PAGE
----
Sen. Mike Lee doesn’t want you to know he has Donald Trump’s endorsement. Robert Gehrke explains why.

The former president’s backing of Lee might actually be more helpful for the senator’s opponents.

Robert Gehrke

In the summer of 2016, I was standing about two feet behind Utah Sen. Mike Lee in Cleveland’s professional basketball arena as he bellowed “Point of order!” demanding to have the opportunity to make a last-ditch effort to stop the nomination of Donald Trump.

Three months later, Lee hastily recorded a now-deleted Facebook video after the Access Hollywood tape surfaced where Trump boasted about sexually assaulting women, calling on him to step down and let someone else run. “You are the distraction,” Lee said in the recording. “Your conduct, sir, is the distraction.”

Weeks later, Lee voted for third-party anti-Trump candidate Evan McMullin, the senator admitted after the election.

Somewhere along the line, things changed.

In this screenshot from CSPAN, Sen. Mike Lee is leading a Utah revolt against the nomination of Donald Trump at the 2016 Republican Convention.

Lee was the Utah co-chair of Trump’s re-election bid and traveled to Arizona for an election-eve rally where he compared Trump to The Book of Mormon hero Captain Moroni. In the days leading up to the sacking of the U.S. Capitol by Trump loyalists (where one man dressed as Captain Moroni), the Utah senator consulted with Trump’s legal team about potential paths to ignore the election results and install Trump for another term.

Late last week, Trump repaid the favor, in a way, offering Lee his “Complete and Total Endorsement” for re-election. The former president’s endorsement specifically targeted McMullin, the man Lee had once thought was more fit to hold the presidency than Trump.

Lee, whose campaign appears to have been taken by surprise, must be thinking: Thanks for nothing.

Because, frankly, it’s hard to imagine a more inconsequential presidential endorsement. I don’t have hard data on this, but it’s reasonable to assume that die-hard Trump followers were already voting for Lee. If anything, the endorsement is more likely to drive voters repulsed by Trump to one of his Republican opponents — Ally Isom or Becky Edwards — or even McMullin.

The most telling sign of how worthless the Trump endorsement is to Lee: Since the former president sent the statement on (appropriately) April Fools Day, Lee’s campaign hasn’t mentioned it. At all.

Unlike Sarah Palin’s new campaign to run for Alaska’s sole seat in the U.S. House of Representatives, Lee’s Senate re-election team didn’t send an email blast touting Trump’s blessing. On Lee’s social media, it’s crickets — although they have Tweeted about endorsements from state senators, a county commissioner, a mayor and a business owner since then.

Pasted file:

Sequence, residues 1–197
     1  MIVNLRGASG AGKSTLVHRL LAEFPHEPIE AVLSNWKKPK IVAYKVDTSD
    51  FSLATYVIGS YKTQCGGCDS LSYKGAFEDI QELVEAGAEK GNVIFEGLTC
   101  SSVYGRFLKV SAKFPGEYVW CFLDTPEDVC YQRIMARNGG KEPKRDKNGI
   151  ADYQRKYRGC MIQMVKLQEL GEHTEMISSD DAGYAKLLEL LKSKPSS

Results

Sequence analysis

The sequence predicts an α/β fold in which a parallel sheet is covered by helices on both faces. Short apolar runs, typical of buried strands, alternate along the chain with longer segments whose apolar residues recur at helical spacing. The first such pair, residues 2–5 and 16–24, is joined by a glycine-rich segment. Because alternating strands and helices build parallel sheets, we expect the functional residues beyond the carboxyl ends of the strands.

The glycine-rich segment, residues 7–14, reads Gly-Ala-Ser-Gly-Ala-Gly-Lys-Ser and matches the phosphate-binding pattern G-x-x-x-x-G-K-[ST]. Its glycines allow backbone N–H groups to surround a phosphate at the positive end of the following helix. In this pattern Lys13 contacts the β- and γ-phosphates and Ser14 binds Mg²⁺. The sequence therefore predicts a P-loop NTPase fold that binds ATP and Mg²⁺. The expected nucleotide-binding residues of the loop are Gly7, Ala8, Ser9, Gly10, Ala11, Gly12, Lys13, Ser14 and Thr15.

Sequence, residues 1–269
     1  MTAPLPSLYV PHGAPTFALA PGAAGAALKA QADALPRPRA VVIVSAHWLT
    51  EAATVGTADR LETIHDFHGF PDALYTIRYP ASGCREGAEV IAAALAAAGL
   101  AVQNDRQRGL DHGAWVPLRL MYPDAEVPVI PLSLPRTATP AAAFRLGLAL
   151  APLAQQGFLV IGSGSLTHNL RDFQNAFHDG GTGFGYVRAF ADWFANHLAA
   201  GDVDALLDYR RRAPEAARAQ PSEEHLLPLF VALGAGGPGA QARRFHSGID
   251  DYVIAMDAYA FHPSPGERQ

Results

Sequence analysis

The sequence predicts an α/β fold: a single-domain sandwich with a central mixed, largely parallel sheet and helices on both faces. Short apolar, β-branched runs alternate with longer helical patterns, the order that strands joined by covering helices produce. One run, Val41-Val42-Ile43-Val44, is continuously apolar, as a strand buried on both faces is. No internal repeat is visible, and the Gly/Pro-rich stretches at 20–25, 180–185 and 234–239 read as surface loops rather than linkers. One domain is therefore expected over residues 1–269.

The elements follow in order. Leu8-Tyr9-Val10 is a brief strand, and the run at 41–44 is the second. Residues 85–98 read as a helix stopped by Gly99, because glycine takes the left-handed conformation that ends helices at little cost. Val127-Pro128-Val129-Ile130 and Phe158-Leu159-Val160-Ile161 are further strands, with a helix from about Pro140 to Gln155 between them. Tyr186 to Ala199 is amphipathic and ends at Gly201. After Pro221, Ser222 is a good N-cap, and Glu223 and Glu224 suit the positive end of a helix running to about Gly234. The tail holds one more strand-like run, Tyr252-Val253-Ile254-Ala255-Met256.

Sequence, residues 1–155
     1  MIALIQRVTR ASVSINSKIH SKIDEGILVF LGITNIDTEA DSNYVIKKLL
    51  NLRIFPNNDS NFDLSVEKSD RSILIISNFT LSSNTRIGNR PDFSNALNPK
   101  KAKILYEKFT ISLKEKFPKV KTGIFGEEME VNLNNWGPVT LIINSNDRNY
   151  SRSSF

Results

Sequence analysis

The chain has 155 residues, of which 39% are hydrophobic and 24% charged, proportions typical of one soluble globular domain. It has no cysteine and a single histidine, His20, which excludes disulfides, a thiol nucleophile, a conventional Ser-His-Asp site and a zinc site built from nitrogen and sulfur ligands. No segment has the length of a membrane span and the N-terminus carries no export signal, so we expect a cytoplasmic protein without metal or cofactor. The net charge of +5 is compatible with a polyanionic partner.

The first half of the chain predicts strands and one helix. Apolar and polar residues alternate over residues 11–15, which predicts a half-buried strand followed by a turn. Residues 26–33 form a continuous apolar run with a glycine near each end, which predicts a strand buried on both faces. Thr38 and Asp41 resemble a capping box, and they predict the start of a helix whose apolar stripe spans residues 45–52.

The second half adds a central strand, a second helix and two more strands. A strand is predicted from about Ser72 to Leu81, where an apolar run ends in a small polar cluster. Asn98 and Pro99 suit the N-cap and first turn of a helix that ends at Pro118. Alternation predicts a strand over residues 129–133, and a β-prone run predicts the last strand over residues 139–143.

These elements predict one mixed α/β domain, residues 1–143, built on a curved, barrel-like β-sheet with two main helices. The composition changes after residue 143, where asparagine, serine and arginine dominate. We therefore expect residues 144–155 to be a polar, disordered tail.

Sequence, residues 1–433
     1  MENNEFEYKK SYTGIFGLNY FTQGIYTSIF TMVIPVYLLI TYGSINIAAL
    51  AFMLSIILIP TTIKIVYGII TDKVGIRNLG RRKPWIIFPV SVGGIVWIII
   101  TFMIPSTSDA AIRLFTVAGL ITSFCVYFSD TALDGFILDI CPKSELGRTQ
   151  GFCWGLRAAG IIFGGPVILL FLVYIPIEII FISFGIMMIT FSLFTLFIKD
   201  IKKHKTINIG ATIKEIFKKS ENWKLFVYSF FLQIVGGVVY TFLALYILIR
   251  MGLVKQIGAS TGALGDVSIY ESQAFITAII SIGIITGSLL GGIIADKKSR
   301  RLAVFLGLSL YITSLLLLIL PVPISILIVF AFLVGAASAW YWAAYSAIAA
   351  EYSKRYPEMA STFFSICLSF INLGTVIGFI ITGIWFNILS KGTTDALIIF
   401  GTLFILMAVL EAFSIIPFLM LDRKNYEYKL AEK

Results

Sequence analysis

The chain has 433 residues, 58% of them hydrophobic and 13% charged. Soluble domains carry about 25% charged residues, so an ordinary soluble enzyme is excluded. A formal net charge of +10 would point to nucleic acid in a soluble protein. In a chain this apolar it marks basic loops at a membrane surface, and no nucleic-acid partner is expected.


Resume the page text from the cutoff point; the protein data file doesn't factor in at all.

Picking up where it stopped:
McMullin’s campaign, in stark contrast, jumped on the opportunity, calling it “the endorsement of a wicked man who tried to dismantle our republic and stay in power against the people’s will. Lee sacrificed his honor and values to serve him at the expense of Utah and our nation. I will not.”

Clearly, the calculus on both sides was that there is no upside to trying to run with the twice-impeached, two-time popular vote loser on your back.

That’s because Trump’s praise once again highlights the lingering questions surrounding Lee’s involvement in one of the darkest chapters of American history, the plot to try to overturn a democratic election.

Lee says Trump’s attorney gave him a memo detailing the scheme and dismissed it after talking to various officials, while Trump’s lawyer invoked his Fifth Amendment protection against self-incrimination when a House committee asked about his discussions with Lee.

It renews attention on a call that Trump made to Lee during the Jan. 6 riot, when Trump allegedly thought he was calling Alabama Sen. Tommy Tuberville. The weird thing is, the call is one of who-knows-how-many that came during a seven-hour gap in the White House call logs.

Generally, it calls into question how Lee could go from trying to do everything in his power to stop Trump’s nomination, to demanding he drop out because he was unfit, to receiving his “Complete and Total Endorsement.” It paints a picture of a senator who is now a creature of Washington, compromised by his own ambition.

Most importantly, it accomplishes something that McMullin’s campaign could’ve spent months and millions trying to do: It frames the race as Trump and Lee versus McMullin and Mitt Romney — who Trump also trashes in the endorsement.

The notion that Trump cares about Utah is comical. He doesn’t care. He doesn’t care if he’s helping (or hurting) Mike Lee’s campaign. He cares about himself and nothing else.

Last week, stories ran that Trump-endorsed candidates were struggling in Georgia, partly because he backed them. I suspect Trump, grasping to remain relevant, saw in Lee a senator who — statistically, speaking — should win re-election.

So Trump grabbed hold. If we’re lucky, he’ll hold on tight and drag them both into the political abyss.